http://www.iii.co.uk/articles/460767/wh ... royal-mail
Concerns around oil prices and uncertainty dogging Donald Trump's tax plans kept the pressure on stocks overnight. It's risk off in London, too, where the FTSE 100 continues to loiter around six-week lows.
There's so much chatter around when this stock market bull run will end, that every sell-off is quickly heralded as the start of a correction. But remember, this is the fourth time since early June that the FTSE 100 has dropped in excess of 200 points, which is more a sign that this market is stale and requires a fresh catalyst, rather than signalling a mad rush for the exit.
Save for some headline-grabbing profit warnings, company results have been respectable and there are still few asset classes offering better returns than equities. It's also worth remembering that the FTSE 100 is still up over 8% in the past 12 months. For chart watchers, the next big level of support is 7,300.
Royal Mail (RMG) shares have been chronic underperformers since peaking at over 600p shortly after floating in 2013, but half-year results were actually quite good.
Revenue up 2%, underlying operating profit before so-called transformation costs up 7%, or flat when you had back those costs, and profit before tax down a smidge, is very respectable.
A 9% increase in revenue and 23% increase in profit at overseas parcels operation GLS easily offset the flat sales performance and near-6% drop in profit at the UK business. Expect more of the same from GLS in the second half.
We expect letter volumes to keep falling, but Royal Mail has at least shown it can win new contracts with the likes of New Look and Abercrombie & Fitch and grow volumes with Amazon. Christmas is always the decider for Royal Mail, however, and the jury's still out on how the current economic situation and Brexit will play out on retail sales and business post.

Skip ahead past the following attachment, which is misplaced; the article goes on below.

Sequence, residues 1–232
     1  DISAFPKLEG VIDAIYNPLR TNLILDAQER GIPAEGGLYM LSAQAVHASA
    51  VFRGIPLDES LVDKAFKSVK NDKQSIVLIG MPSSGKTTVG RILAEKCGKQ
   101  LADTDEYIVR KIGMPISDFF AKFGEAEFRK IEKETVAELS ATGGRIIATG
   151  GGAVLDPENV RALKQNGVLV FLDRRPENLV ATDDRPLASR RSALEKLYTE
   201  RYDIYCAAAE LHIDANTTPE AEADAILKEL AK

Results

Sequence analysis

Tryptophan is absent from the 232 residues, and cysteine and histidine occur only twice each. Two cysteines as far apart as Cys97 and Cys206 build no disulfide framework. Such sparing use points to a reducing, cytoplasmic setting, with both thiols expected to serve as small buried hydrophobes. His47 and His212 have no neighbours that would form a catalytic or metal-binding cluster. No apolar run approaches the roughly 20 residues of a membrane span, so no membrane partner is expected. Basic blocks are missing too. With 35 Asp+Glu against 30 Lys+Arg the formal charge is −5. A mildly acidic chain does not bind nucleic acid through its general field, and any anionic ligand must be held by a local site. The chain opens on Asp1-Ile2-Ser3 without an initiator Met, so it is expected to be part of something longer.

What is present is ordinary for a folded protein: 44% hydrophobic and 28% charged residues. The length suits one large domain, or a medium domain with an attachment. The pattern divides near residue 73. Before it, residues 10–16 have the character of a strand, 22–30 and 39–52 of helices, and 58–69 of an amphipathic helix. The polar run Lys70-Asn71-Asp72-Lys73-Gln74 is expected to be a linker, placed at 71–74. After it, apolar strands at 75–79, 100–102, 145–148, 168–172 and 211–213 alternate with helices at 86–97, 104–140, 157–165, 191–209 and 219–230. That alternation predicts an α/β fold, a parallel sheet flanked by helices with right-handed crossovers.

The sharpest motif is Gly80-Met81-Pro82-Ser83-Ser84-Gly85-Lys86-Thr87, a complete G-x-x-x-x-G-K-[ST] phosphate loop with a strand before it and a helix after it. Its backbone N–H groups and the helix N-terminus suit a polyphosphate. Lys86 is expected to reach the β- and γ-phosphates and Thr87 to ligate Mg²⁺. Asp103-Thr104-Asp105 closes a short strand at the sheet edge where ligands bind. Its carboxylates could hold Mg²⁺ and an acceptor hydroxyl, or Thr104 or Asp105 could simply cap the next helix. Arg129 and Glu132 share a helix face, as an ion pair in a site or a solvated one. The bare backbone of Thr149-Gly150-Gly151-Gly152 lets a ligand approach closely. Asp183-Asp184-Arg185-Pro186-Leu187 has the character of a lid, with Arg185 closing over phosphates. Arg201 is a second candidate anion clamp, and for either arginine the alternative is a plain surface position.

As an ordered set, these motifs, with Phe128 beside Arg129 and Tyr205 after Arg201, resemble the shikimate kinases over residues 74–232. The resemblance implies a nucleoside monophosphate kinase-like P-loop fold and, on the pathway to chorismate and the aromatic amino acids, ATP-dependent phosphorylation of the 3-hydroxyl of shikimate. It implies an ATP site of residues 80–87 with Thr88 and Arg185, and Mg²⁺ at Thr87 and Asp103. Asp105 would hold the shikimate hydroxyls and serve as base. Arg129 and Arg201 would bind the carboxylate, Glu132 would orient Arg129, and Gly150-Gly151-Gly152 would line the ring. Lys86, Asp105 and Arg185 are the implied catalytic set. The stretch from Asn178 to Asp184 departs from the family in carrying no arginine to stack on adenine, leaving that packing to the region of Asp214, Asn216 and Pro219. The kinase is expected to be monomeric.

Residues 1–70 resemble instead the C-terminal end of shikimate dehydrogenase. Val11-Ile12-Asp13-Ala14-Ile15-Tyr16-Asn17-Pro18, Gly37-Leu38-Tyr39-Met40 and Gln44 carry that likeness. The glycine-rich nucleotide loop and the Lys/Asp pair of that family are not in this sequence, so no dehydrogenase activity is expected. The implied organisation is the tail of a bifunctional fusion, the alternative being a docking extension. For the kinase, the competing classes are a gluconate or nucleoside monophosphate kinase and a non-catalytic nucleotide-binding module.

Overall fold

Despite these results, there are still too many obvious banana skins here.
Hefty pension costs still tipped the company into an operating loss and the UK operation into the red at the bottom line. The threat of strike action remains a significant overhang for the shares, with the cost of any walkout estimated at £12 million per day, and investors lack clarity on the massive pensions deficit.
There's still the a very real risk that this dispute will cost more than expected to settle, or that even the threat of industrial action will convince customers to go elsewhere.
The impact on revenue of a slowing economy and the ongoing decline in letter writing put increasing emphasis on growth in parcels. But weaker retail sales could easily hit demand from online retailers already concerned about the threat of industrial action on distribution.
Because much of Royal Mail's huge cost base is fixed, there's a greater risk of significant damage to profits from any drag on the top line.
Royal Mail shares are hardly expensive, are cheaper than many rivals and offer one of the most generous dividends around. Contrarians could be richly rewarded if Royal Mail achieves a better than expected outcome with the unions than is currently factored into the share price. But it remains a big 'if'.
This article is for information and discussion purposes only and does not form a recommendation to invest or otherwise. The value of an investment may fall. The investments referred to in this article may not be suitable for all investors, and if in doubt, an investor should seek advice from a qualified investment adviser.